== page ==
In 2012 when we received permission to operate the scheme, the Government gave approval to spend up to €10 million. At the minute there is no cap on the scheme which is demand-led. We are in a position to provide for needs as they arise. As it is means-tested, we are not compensating fully in all instances. We are trying to repair houses to bring them back to a habitable condition; therefore, there is a balance to be struck. Each individual case is assessed on its own needs. Some people might have been able to move some of their white goods to a place of safety, while others could not do so. Floors were destroyed, etc. The staff are meeting and sitting down with individual households to discuss what their needs are. People moving to stage 2 will generally be getting estimates of the cost of repairs to allow them to move back in. We are, therefore, still at the early stages. We are providing for fuel costs to help to dry out houses and providing for the hire of dehumidifiers in some areas. We are also assisting the local authorities. Where pumps have been provided for a lot of private houses, we are working in tandem with the local authorities in providing fuel to keep going on a regular basis. While I am quite happy to say there is no cap, we are conscious, in terms of ensuring value for money, of the general cost of replacing various items. We will be replacing to a good quality, durable level. We will not be at the top end of the expensive market if we have to replace a kitchen, furniture or things like that, but we provide good quality, durable replacements.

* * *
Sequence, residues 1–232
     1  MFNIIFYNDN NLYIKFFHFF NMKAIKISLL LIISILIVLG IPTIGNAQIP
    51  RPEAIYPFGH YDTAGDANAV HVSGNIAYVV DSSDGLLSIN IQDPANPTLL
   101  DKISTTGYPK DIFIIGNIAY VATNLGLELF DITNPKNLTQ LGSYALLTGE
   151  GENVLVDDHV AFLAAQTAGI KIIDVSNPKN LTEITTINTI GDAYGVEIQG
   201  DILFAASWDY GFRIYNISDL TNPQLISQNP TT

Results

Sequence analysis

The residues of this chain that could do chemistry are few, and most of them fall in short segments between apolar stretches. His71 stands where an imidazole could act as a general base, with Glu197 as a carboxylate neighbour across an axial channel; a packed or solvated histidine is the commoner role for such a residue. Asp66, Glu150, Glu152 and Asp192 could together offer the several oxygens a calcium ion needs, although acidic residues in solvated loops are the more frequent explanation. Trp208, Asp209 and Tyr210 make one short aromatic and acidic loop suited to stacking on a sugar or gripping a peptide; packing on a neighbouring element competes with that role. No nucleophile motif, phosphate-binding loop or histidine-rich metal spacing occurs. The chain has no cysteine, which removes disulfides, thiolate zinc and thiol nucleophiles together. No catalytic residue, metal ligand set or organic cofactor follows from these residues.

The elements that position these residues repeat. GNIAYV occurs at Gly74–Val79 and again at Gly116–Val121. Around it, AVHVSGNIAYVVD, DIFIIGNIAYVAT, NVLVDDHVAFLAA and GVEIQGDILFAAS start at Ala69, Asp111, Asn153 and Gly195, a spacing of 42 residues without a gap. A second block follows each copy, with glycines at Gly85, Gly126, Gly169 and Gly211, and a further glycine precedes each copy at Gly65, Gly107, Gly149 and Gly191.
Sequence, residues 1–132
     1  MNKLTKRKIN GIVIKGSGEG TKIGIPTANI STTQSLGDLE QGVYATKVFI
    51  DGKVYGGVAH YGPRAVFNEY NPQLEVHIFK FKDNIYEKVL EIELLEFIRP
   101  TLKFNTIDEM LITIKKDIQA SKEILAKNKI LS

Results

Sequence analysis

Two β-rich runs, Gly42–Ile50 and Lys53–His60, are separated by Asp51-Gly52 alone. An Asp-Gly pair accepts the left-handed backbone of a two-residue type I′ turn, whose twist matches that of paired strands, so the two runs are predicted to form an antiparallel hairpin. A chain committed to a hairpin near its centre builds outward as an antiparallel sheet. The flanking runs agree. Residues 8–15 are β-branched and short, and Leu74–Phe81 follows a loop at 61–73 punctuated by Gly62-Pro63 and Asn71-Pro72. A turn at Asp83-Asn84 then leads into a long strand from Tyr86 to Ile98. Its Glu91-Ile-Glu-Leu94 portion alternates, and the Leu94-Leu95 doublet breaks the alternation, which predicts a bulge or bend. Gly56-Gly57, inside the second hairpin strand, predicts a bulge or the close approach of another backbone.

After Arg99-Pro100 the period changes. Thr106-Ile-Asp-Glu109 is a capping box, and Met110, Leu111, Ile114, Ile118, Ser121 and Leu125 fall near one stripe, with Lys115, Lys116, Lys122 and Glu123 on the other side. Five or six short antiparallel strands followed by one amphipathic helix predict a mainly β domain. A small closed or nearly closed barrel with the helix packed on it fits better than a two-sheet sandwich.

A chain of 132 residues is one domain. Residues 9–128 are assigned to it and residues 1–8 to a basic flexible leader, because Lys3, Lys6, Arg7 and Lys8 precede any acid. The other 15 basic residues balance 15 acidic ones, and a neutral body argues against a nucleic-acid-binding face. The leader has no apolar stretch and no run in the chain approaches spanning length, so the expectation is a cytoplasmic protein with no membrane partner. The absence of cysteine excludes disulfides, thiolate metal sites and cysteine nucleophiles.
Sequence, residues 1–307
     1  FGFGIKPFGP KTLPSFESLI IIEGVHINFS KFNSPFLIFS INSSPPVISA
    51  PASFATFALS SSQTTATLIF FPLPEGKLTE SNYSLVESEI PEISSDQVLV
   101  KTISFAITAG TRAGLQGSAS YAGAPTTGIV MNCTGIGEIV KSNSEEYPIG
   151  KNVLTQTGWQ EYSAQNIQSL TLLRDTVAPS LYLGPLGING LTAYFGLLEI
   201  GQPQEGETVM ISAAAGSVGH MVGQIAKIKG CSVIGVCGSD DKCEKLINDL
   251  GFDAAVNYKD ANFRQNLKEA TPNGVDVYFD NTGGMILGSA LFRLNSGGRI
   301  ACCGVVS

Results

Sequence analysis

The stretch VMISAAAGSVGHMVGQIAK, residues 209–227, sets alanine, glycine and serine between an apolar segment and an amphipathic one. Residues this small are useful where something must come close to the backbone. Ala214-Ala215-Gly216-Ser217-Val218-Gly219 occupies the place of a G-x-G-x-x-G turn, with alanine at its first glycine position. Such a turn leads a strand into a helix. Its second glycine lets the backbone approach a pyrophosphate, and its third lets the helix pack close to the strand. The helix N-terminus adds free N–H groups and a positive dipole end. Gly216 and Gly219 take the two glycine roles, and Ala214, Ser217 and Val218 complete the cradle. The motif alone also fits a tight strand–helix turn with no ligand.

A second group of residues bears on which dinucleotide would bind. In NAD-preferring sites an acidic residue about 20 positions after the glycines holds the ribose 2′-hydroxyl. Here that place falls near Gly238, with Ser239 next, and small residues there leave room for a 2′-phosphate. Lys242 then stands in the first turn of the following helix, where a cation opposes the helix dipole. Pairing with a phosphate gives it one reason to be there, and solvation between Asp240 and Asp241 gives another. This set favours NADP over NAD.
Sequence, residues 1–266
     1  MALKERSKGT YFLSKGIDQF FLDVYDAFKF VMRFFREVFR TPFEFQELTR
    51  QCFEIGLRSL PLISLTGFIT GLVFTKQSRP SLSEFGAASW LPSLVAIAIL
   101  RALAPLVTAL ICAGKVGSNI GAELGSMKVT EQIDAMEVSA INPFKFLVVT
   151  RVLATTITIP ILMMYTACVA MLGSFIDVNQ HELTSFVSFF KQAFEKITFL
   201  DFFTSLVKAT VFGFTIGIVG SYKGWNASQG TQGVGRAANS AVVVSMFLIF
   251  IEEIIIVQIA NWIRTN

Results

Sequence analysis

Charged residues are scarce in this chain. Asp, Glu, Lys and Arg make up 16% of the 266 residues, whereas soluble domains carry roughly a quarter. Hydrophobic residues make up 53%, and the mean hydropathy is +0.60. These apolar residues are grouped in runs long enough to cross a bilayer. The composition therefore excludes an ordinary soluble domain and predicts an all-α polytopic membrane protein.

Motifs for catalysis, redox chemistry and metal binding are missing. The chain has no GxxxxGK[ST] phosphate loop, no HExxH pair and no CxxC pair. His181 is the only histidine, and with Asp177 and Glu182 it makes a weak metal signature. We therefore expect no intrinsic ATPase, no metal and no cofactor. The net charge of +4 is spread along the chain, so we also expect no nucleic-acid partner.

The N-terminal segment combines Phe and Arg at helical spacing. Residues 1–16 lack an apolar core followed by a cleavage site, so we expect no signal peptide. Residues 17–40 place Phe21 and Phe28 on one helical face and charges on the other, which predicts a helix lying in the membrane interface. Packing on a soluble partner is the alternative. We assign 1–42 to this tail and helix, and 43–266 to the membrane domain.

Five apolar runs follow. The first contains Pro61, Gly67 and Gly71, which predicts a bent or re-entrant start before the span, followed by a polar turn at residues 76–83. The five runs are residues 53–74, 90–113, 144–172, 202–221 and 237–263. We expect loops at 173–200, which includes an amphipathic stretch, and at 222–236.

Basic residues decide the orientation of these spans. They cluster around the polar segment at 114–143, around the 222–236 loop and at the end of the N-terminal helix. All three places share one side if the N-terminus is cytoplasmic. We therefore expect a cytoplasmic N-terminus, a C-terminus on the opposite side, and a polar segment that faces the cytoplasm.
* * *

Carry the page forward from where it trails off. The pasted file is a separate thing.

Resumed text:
In the case of people who are self employed, we are examining that issue. If, for example, a self-employed person cannot go to work because he or she is manning the pumps etc. and cannot meet a bill or has other issues, absolutely he or she should come and talk to us. We will see how we can assist the people concerned. It may not be replacement of earnings per se, but if a person is in difficulty and unable to meet particular needs because of loss of earnings - it could be the case that he or she has difficulty in making a mortgage payment or whatever else - we will look at his or her various needs. The scheme is designed to be flexible.